from The American Heritage® Dictionary of the English Language, 4th Edition
- adj. Grammar Expressing an action carried from the subject to the object; requiring a direct object to complete meaning. Used of a verb or verb construction.
- adj. Characterized by or involving transition.
- adj. Logic & Mathematics Of or relating to a relationship between three elements such that if the relationship holds between the first and second elements and between the second and third elements, it necessarily holds between the first and third elements. Examples of transitive relationships are equality for numbers and divisibility for integers.
- n. Grammar A transitive verb.
from Wiktionary, Creative Commons Attribution/Share-Alike License
- adj. Making a transit or passage.
- adj. Affected by transference of signification.
- adj. Taking an object or objects.
- adj. Having the property that if an element x is related to y and y is related to z, then x is necessarily related to z.
from the GNU version of the Collaborative International Dictionary of English
- adj. Having the power of making a transit, or passage.
- adj. Effected by transference of signification.
- adj. Passing over to an object; expressing an action which is not limited to the agent or subject, but which requires an object to complete the sense.
from The Century Dictionary and Cyclopedia
- In Eskimo gram., noting the case expressing the subject of a transitive verb and the owner of an object. Also called subjective.
- In mathematics, having the quality or power of transmutation, transmission, or transition: as, a group transitive in respect of a set of objects.
- Having the power of passing, or making transition; passing over into something.
- Effected by, or existing as the result of, transference or extension of signification; derivative; secondary; metaphorical.
- In grammar, taking a direct object; followed by a substantive in an accusative relation: said of a verb, or of the action expressed by a verb.
- Serving as a medium or means of transition.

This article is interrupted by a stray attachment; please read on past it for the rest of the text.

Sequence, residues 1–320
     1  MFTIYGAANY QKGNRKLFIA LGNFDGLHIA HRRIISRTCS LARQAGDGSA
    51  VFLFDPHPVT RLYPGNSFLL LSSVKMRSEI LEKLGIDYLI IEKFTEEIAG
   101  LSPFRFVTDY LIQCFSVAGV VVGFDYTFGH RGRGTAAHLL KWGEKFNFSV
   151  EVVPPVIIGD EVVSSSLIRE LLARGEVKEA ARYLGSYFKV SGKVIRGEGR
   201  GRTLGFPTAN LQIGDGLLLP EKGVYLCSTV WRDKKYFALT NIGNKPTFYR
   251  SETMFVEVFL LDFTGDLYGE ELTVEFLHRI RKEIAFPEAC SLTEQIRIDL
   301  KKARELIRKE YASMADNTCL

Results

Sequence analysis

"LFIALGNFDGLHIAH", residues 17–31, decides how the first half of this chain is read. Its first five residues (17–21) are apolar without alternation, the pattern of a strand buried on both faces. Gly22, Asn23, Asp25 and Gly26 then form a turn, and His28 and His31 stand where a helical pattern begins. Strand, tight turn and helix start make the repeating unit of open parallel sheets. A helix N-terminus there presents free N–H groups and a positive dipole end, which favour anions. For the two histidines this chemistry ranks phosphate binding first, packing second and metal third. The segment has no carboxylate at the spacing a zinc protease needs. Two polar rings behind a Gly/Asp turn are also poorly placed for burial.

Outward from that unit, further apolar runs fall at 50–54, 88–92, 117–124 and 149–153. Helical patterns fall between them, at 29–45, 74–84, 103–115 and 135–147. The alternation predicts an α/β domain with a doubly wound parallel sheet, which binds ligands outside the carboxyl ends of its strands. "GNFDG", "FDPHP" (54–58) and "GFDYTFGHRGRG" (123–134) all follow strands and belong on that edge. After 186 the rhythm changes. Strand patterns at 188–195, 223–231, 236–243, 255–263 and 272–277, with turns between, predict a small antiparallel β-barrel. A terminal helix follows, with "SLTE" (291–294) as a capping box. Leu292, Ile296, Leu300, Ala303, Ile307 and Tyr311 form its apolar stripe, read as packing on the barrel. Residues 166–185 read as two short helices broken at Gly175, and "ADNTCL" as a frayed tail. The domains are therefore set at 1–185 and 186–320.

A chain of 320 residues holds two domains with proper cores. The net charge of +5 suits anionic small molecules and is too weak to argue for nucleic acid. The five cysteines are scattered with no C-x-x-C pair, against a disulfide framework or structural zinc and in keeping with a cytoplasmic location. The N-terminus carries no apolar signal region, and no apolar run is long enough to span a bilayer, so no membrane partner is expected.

- n. A transitive verb.
from WordNet 3.0 Copyright 2006 by Princeton University. All rights reserved.
- n. a verb (or verb construction) that requires an object in order to be grammatical
- adj. designating a verb that requires a direct object to complete the meaning
One metric of trust is transitive, that is, the trustworthiness of the people who trust someone.
On the one hand, the notion of transitive creature consciousness seems like a close cousin to the notion of intentionality.
When the verb is transitive, that is, when the action cannot happen without affecting something, the thing affected is called the _object_.
Mr. Kimble, my math teacher, says that's what's called the transitive property.
It's called the transitive property in higher math.
For example, only verbs that take objects, known as transitive verbs, can be used in passive voice.
Thinking less "transitive" and more aspectual, the use of *-mi would be because of its inchoative nature.
I just automatically made the default verb type "transitive" by default.
Animals (the ant, the spider, the nuthatch) produce work of outstanding beauty, but it is like the beauty of the natural world because it is 'transitive', it has a definable and general function; human activity aims at the embodying of meaning by deliberate choices, and this gratuitous element in what is human makes the difference between us and other creatures.
"owl: sameAs" is what the formalists call transitive and this reasoning at a distance is the kind of thing RDF proponents are on about when they talk about "semantic webs".
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